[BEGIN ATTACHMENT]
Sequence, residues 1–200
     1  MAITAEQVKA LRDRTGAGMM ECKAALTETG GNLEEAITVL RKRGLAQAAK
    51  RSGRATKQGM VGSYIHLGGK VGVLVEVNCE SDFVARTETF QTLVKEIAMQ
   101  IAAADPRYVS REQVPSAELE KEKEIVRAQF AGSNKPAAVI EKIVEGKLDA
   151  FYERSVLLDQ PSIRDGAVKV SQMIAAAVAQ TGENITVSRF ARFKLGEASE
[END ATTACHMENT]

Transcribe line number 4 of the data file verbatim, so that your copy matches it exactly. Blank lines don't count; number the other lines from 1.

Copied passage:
   101  IAAADPRYVS REQVPSAELE KEKEIVRAQF AGSNKPAAVI EKIVEGKLDA